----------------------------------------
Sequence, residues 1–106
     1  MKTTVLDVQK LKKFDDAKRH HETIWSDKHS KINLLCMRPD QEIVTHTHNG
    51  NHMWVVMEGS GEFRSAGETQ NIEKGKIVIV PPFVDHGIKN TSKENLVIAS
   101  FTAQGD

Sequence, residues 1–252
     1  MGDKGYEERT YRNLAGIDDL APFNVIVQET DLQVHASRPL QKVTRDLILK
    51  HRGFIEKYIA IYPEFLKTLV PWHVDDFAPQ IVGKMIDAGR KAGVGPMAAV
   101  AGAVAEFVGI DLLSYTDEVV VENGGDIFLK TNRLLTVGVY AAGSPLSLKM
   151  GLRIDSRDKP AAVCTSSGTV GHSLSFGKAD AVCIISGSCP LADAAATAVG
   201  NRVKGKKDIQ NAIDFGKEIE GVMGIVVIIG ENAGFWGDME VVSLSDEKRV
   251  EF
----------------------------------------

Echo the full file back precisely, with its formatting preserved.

Sequence, residues 1–106
     1  MKTTVLDVQK LKKFDDAKRH HETIWSDKHS KINLLCMRPD QEIVTHTHNG
    51  NHMWVVMEGS GEFRSAGETQ NIEKGKIVIV PPFVDHGIKN TSKENLVIAS
   101  FTAQGD

Sequence, residues 1–252
     1  MGDKGYEERT YRNLAGIDDL APFNVIVQET DLQVHASRPL QKVTRDLILK
    51  HRGFIEKYIA IYPEFLKTLV PWHVDDFAPQ IVGKMIDAGR KAGVGPMAAV
   101  AGAVAEFVGI DLLSYTDEVV VENGGDIFLK TNRLLTVGVY AAGSPLSLKM
   151  GLRIDSRDKP AAVCTSSGTV GHSLSFGKAD AVCIISGSCP LADAAATAVG
   201  NRVKGKKDIQ NAIDFGKEIE GVMGIVVIIG ENAGFWGDME VVSLSDEKRV
   251  EF